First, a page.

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Forget 50/50. Brené Brown says the ‘80/20 rule’ is the key to a successful relationship.

“Everyone says marriage should be 50/50; it’s the biggest crock of bull sh** I’ve ever heard. It’s never 50/50—ever.”

This is a quote from social scientist Brené Brown who says her 32-year relationship with her husband Steve, who she shares two kids with, is the hardest thing she’s ever done, hands down.

In fact, she credits its success (in part) to the 80/20 rule.

WATCH: Brené Brown: The Call To Courage on Netflix. Post continues after trailer. 

Video by Netflix

The idea of “80/20” comes from the business economic Pareto principle, which suggests 80 per cent of the effects in life, comes from 20 per cent of the causes. In other words, in a relationship that equates to the idea that you should be getting 80 per cent of what you want from your partner, and the remaining 20 per cent should be up for compromise.

Or, to quote another interpretation; you should get 80 per cent of your wants and needs from a healthy relationship and 20 per cent from yourself.

Brené has her own spin on the idea of “80/20”.

“What we do is we quantify where we are, so if Steve comes home and is like I’ve got 20 (in terms of energy, patience and kindness levels) I’ll pull the 80,” Brené explained in her chat with Tim Ferriss in his podcast The Tim Ferriss Show.

Another example might be Brené coming home from looking after her sick mum to tell her husband “I’ve got 10,” aka, 10 per cent energy, kindness and patience.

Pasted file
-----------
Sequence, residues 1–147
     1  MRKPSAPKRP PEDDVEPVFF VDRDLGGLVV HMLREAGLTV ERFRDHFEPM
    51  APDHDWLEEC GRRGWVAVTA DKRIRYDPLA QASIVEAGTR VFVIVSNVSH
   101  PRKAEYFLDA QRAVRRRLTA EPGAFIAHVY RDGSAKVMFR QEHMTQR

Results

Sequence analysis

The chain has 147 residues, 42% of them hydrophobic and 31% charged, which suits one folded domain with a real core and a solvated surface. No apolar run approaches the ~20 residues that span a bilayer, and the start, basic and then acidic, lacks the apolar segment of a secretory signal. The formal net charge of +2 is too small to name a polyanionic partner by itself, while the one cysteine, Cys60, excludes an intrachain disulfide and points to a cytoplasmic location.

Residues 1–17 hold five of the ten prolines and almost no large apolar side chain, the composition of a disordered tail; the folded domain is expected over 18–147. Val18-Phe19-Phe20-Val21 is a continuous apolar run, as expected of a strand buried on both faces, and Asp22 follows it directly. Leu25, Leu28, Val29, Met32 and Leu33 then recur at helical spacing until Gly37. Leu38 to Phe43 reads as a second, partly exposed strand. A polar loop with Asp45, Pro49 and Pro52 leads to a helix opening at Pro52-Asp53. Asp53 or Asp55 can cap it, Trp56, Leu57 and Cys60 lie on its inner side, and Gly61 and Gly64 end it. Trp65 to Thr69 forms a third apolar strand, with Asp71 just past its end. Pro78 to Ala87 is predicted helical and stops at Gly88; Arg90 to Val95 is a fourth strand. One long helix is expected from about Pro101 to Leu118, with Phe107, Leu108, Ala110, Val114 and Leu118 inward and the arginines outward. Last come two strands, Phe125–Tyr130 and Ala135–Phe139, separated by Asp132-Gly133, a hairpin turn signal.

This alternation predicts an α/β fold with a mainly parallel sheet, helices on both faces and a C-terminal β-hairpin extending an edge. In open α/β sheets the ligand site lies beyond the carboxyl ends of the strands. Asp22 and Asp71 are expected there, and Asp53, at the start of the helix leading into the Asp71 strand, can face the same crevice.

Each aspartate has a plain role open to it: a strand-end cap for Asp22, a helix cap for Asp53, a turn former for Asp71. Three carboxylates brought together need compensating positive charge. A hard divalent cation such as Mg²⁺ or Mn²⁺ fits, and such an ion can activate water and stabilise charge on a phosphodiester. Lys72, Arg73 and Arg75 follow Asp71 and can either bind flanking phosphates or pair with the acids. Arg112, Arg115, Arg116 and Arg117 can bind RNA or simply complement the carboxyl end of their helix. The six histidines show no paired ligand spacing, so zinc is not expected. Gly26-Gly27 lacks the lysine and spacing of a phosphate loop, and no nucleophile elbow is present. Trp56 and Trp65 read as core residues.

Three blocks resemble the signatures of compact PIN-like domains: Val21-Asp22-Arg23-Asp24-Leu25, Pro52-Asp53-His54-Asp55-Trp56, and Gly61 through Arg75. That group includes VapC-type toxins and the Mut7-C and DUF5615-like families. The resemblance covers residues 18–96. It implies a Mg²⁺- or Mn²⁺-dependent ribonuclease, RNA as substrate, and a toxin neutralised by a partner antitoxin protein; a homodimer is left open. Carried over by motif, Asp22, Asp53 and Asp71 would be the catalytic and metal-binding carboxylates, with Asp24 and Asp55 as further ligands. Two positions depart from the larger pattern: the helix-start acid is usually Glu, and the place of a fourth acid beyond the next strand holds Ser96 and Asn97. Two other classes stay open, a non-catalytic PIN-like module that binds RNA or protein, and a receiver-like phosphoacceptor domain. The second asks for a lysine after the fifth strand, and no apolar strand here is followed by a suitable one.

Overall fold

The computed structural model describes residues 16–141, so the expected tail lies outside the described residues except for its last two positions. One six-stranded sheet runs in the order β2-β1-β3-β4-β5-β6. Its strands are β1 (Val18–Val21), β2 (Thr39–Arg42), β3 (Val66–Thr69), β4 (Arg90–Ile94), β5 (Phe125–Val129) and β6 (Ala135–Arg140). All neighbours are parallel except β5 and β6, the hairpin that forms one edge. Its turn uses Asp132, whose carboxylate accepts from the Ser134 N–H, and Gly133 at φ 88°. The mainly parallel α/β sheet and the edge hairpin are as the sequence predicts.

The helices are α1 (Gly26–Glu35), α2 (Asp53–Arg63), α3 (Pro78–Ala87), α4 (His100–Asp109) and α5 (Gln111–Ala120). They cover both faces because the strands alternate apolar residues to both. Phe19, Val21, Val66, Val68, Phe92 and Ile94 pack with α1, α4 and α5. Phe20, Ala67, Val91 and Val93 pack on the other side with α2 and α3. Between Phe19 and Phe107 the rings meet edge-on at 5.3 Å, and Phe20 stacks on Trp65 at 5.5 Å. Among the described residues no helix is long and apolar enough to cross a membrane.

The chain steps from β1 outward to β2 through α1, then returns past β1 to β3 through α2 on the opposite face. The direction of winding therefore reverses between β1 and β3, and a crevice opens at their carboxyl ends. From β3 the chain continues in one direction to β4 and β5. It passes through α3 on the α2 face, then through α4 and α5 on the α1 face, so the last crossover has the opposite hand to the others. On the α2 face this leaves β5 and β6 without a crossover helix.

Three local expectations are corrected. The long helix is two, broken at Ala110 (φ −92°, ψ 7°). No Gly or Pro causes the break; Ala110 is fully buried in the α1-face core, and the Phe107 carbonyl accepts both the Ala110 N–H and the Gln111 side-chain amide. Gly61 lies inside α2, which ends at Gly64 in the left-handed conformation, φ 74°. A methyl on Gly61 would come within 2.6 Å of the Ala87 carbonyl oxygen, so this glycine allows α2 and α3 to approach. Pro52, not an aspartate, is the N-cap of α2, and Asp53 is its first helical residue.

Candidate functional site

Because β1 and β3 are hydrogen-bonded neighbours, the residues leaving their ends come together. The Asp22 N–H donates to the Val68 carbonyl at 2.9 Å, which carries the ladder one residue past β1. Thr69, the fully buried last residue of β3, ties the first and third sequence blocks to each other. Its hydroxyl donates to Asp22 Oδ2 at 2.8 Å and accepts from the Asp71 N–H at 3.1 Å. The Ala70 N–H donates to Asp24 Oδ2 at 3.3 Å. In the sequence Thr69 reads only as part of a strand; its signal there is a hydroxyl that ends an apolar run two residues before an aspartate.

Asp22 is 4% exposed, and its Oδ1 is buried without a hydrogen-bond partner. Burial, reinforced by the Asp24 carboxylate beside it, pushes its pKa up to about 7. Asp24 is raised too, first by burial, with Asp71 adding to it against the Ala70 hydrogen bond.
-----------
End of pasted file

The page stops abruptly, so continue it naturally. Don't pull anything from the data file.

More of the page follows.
The idea is, if either of them report back as having less than a combined 100, they will know that’s a sign they need to sit down and figure out a plan of kindness towards each other.

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“Marriage is not something that’s 50/50, a partnership works when you can carry their 20 or they can carry your 20,” Brené explained.

What about a worst-case scenario, say you’re both on 10 per cent?

Here’s what works in Brené’s household: “Put all of your groceries that are supposed to be healthy in the freezer, we’re ordering out, get the housekeeper in an extra day, and we’re cancelling anything with people that we really don’t like.”

Genius. Right?

Brene Brown TED
Brené Brown's TEDx talk on vulnerability is one of the top five most viewed. Image: Youtube.

Another relationship hack that Brené outlined in the podcast is her and her husband's approach to family. They decided very early on that they were a "family-focused family." Others might be pet-focused, children-focused or parent-focused, to give you an idea.

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So, if Brené's son wants to do multiple activities after school - that decision is made by the family.

"What's going to keep the family healthy? You can pick two extra-curriculars, and I will have a two-week tour, not a four-week tour. We put the family as the system that we serve. It's not the kids at the parents' cost or the parents at the kids' cost," Brené told Tim Ferriss.

Brené adds that her theory on parenting is, "the best we can do is a loving course from compliance to commitment," and woah. Yes, bloody yes. Right?

If you're new to the Brené Brown craze, the now 54-year-old research professor was catapulted into celebrity when her 20-minute TEDx talk on the power of vulnerability went viral in 2010. It remains one of the most viewed TED Talks ever, with more than 45 million views.

She has spent more than a decade studying vulnerability, courage, authenticity, empathy and shame, and is the author of five best-selling books The Gifts of ImperfectionDaring GreatlyRising StrongBraving the Wilderness, and Dare to Lead.

As she explained in the Tim Ferriss podcast, "It's my ordinariness that makes me relatable."

But sometimes it's the simplicity of ordinary that we're all craving.

Feature image: Instagram.

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